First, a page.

What is intellectual property?

IP is creative works or ideas embodied in a form that can be shared or enable others to recreate, emulate, or manufacture them.

Patents, trademarks, copyrights, and trade secrets are different types of IP. The USPTO grants patents and registers trademarks, while copyrights are registered by the U.S. Copyright Office at the Library of Congress.

Do you know what types of IP you might have? Do you know how to protect them? Use the USPTO’s IP Identifier to find out the types of IP you might have and learn how to protect them. Start with six basic questions to help identify your IP, then dig in deeper with the advanced questionnaire for each type of IP.

Identify your IP

What is a patent?

A U.S. patent gives you, the inventor, the right to “exclude others from making, using, offering for sale, or selling” an invention or “importing” it into the U.S. A plant patent gives you additional rights on the “parts” of plants (e.g., a plant patent on an apple variety would include rights on the apples from the plant variety). What is granted is not the right to make, use, offer for sale, sell or import the invention, but the right to stop others from doing so. If someone infringes on your patent, you may initiate legal action. U.S. patents are effective only within the U.S. and its territories and possessions.

Types of patents

These are the three types of patents:

Utility patents for inventing a new or improved and useful process, machine, article of manufacture, or composition of matter.

Design patents for inventing a new, original, and ornamental design for an article of manufacture.

Plant patents for inventing or discovering and asexually reproducing any distinct and new variety of plant.

How long is a patent valid?

Utility and plant patents have a term for up to 20 years from the date the first non-provisional application for patent was filed. A design patent is granted for a term of 15 years from the date of grant. You will need to pay maintenance fees on a certain schedule after the utility patent is issued in order to keep it in force. Under certain unusual conditions, patent terms may be extended or adjusted.

What can be patented?

Legally, a utility patent may cover “any new and useful process, machine, manufacture, or composition of matter, or any new and useful improvement thereof.” A design patent may cover “any new, original, and ornamental design for an article of manufacture,” and a plant patent may cover a “distinct and new variety of plant, including cultivated sports, mutants, hybrids, and newly found seedlings, other than a tuber-propagated plant or a plant found in an uncultivated state,” invented or discovered and asexually reproduced.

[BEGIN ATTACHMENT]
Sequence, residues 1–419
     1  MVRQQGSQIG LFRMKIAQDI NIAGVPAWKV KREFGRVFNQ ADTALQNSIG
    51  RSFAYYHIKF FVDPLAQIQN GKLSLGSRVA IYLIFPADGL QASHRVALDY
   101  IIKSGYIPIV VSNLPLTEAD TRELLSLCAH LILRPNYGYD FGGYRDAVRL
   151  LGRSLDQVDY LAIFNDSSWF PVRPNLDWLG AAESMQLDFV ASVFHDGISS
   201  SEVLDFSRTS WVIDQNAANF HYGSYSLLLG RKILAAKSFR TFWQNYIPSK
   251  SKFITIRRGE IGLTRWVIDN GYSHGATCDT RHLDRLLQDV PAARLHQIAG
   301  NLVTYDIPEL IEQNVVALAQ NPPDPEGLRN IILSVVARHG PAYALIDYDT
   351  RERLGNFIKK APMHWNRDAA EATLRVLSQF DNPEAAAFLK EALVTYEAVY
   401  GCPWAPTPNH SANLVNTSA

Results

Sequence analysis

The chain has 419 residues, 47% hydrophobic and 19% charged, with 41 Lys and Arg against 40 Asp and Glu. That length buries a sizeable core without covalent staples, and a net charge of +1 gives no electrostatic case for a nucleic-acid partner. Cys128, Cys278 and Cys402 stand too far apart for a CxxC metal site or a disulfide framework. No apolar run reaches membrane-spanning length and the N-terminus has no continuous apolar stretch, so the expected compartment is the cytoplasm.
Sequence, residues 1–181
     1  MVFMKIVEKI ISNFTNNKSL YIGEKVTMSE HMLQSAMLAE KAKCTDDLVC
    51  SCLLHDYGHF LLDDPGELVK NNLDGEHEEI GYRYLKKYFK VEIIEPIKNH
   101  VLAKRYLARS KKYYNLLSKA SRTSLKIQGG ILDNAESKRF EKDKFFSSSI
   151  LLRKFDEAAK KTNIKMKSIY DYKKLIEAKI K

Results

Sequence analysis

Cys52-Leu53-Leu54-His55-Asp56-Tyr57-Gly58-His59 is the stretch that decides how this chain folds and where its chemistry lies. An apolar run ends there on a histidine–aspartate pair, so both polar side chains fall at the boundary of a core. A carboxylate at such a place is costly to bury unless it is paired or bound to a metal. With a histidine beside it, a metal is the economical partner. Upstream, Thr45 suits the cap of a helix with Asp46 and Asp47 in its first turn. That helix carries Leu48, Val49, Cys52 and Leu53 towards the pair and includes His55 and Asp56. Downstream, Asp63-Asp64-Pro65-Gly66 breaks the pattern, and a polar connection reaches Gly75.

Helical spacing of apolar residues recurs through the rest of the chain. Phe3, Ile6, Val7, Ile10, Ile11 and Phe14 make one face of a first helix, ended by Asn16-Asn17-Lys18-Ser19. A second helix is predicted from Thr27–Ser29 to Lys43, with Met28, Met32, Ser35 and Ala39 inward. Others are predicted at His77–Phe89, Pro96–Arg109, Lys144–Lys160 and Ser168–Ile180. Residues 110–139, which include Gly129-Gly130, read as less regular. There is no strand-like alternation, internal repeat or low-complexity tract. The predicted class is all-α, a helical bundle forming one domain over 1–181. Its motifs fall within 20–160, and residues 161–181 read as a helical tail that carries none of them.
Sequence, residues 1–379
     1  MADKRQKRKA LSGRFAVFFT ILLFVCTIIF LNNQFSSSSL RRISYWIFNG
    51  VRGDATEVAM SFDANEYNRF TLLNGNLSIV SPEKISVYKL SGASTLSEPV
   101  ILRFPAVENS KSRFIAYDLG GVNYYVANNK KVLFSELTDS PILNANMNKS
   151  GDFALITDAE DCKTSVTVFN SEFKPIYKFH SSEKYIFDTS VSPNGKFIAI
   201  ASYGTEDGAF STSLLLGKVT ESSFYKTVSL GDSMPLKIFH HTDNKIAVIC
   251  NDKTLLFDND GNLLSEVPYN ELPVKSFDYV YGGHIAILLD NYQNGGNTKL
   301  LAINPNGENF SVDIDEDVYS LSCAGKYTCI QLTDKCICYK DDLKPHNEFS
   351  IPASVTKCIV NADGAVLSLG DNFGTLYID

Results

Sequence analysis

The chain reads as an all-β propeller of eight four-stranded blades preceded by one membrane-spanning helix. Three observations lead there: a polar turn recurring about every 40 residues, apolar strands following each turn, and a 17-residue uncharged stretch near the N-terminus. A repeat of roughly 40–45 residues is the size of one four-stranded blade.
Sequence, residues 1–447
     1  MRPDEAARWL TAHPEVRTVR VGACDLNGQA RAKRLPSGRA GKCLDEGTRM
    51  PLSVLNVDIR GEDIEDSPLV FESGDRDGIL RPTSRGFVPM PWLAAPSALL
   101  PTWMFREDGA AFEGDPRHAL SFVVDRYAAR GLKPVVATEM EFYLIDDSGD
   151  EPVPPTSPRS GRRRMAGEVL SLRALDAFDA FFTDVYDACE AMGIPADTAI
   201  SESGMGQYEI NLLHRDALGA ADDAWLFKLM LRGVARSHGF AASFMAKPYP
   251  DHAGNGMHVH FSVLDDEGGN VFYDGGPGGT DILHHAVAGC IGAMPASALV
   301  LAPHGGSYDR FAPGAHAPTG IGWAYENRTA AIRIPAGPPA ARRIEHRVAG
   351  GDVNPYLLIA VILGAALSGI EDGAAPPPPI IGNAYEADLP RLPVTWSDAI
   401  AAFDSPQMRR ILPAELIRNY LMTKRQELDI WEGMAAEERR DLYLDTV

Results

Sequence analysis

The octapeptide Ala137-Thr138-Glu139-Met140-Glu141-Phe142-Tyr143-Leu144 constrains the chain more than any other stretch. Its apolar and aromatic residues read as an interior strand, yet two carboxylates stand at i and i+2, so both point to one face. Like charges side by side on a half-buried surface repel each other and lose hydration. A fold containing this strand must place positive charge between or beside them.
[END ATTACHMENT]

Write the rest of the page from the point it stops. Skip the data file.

So, for a patent to be issued, your invention must meet four conditions:

  1. Able to be used (the invention must work and cannot just be a theory)
  2. A clear description of how to make and use the invention
  3. New, or “novel” (something not done before)
  4. “Not obvious,” as related to a change to something already invented

Patent law defines the limits of what can be patented. For example, the laws of nature, physical phenomena, and abstract ideas cannot be patented, nor can only an idea or suggestion. Other restrictions include the patenting of inventions exclusively related to nuclear material or atomic energy in an atomic weapon (see MPEP 2104.01). However, the subject matter that can be protected by patents is vast and varied. For example, even some methods of doing business may be patented. To learn more, visit our Business Methods page.

Who may apply for a patent?

You (the inventor) or your legal representative may apply for a patent, with some exceptions. These include if the inventor has died, is legally incapacitated, refuses to apply, or cannot be found. Two or more people inventing something together may apply for a patent as joint inventors. A person (e.g., a company) to whom an inventor has assigned an invention, or to whom the inventor is obligated (e.g., contractually required) to assign an invention, may also apply for a patent.

If you only contribute money but are not the inventor or co-inventor, you cannot be named as an inventor or co-inventor in the patent application. Furthermore, if you are not the inventor, and the inventor(s) did not assign the invention to you or does not have an obligation to assign the invention to you, you may not apply for a patent. USPTO employees cannot apply for or own a patent unless they inherit it.

What about foreign applicants for U.S. patents?

You may apply for a U.S. patent whether you’re a U.S. citizen or not. No U.S. patent can be issued if, before you apply in the United States, the invention was patented abroad by you or your legal representative and if the foreign application was filed more than 12 months before the U.S. filing. Six months are allowed in the case of designs. Foreign inventors should pay attention to other special requirements.